Llangybi: several generations of wall paintings

Our annual field trip up the Usk to Llangybi: we can get there, look at the medieval wall paintings and the holy well and get back within a 2-hour lecture. This year, the church was more than usually mysterious in the mist:

Image

The south wall is full of building history:

Image

probably a sixth-century church of wattle and daub, rebuilt in stone by the Normans but rebuilt again in the fifteenth century. Why? – partly the ravages of a century of economic crisis, partly the enthusiasm of local people for beautifying their place of worship.

Inside there is much to look at:

Image

 

The stairs to the destroyed rood loft

Image

lit at the top: the lofts were used for singing part of the liturgy, and sometimes for readings.

Image

The famous wall painting of the ‘Sunday Christ’ is virtually unphotographable – it’s easier to understand from this sketch hanging underneath.

Image

And why is this instructional painting, a warning against sabbath-breaking, in the chancel? Was my former student Eluned Martin right – did it mark the location of the Easter Sepulchre?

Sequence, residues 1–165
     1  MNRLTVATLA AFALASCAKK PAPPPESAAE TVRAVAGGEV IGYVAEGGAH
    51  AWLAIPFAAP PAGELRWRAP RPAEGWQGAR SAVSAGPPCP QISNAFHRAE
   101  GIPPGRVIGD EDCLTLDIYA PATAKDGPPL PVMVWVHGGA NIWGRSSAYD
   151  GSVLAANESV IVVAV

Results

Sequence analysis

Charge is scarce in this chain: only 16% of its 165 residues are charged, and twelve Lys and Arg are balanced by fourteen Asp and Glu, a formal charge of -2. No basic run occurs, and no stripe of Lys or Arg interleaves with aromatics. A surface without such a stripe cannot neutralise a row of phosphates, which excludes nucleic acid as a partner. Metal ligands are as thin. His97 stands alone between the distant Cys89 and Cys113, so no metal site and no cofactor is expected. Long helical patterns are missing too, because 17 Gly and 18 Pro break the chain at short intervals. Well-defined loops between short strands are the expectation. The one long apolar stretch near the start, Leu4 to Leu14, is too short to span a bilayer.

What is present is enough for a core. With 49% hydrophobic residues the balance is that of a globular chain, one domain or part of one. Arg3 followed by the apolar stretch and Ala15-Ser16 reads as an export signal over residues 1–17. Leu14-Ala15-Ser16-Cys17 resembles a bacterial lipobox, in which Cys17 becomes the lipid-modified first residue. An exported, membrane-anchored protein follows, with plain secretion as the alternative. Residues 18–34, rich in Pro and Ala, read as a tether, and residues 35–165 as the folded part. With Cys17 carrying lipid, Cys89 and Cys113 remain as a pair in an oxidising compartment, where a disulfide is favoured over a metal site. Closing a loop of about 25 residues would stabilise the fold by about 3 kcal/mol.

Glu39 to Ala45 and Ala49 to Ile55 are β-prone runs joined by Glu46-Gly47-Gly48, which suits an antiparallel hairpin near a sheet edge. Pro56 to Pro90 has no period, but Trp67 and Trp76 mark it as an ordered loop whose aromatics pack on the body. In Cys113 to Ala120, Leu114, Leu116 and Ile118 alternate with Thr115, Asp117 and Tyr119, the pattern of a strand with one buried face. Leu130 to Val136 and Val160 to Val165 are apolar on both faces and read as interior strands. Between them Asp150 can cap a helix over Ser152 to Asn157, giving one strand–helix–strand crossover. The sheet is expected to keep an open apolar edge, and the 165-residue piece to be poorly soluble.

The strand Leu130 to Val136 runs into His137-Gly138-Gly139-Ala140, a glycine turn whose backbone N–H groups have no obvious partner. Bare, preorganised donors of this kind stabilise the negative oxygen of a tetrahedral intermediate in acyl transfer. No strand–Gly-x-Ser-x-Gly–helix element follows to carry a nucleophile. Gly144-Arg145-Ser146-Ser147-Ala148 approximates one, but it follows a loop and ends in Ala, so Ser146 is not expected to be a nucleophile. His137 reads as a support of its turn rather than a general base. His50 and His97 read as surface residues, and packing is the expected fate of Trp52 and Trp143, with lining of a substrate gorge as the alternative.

In the nave, another warning: the Weighing of Souls

Image

but to encourage you, the Virgin Mary is shown placing her rosary in the balance beam to weigh it down on the side of salvation.

These wall paintings were limewashed over at the Reformation and replaced with texts: the Creed

Image

and the Ten Commandments actually over part of the Weighing of Souls

Image

Finally, at the west end, a puzzle:

Image

the font, dated 1662 and decorated with the coats of arms of local families.

Image

The medieval font must have been destroyed during the Civil War and this replacement celebrates the restoration of both monarchy and Anglican church in 1660. In the end, Archbishop Laud got all he wanted: but of course he had been executed in 1645.

(Many thanks to Claire Lindsey McGrath for the photos)

 

One Response

Leave a Reply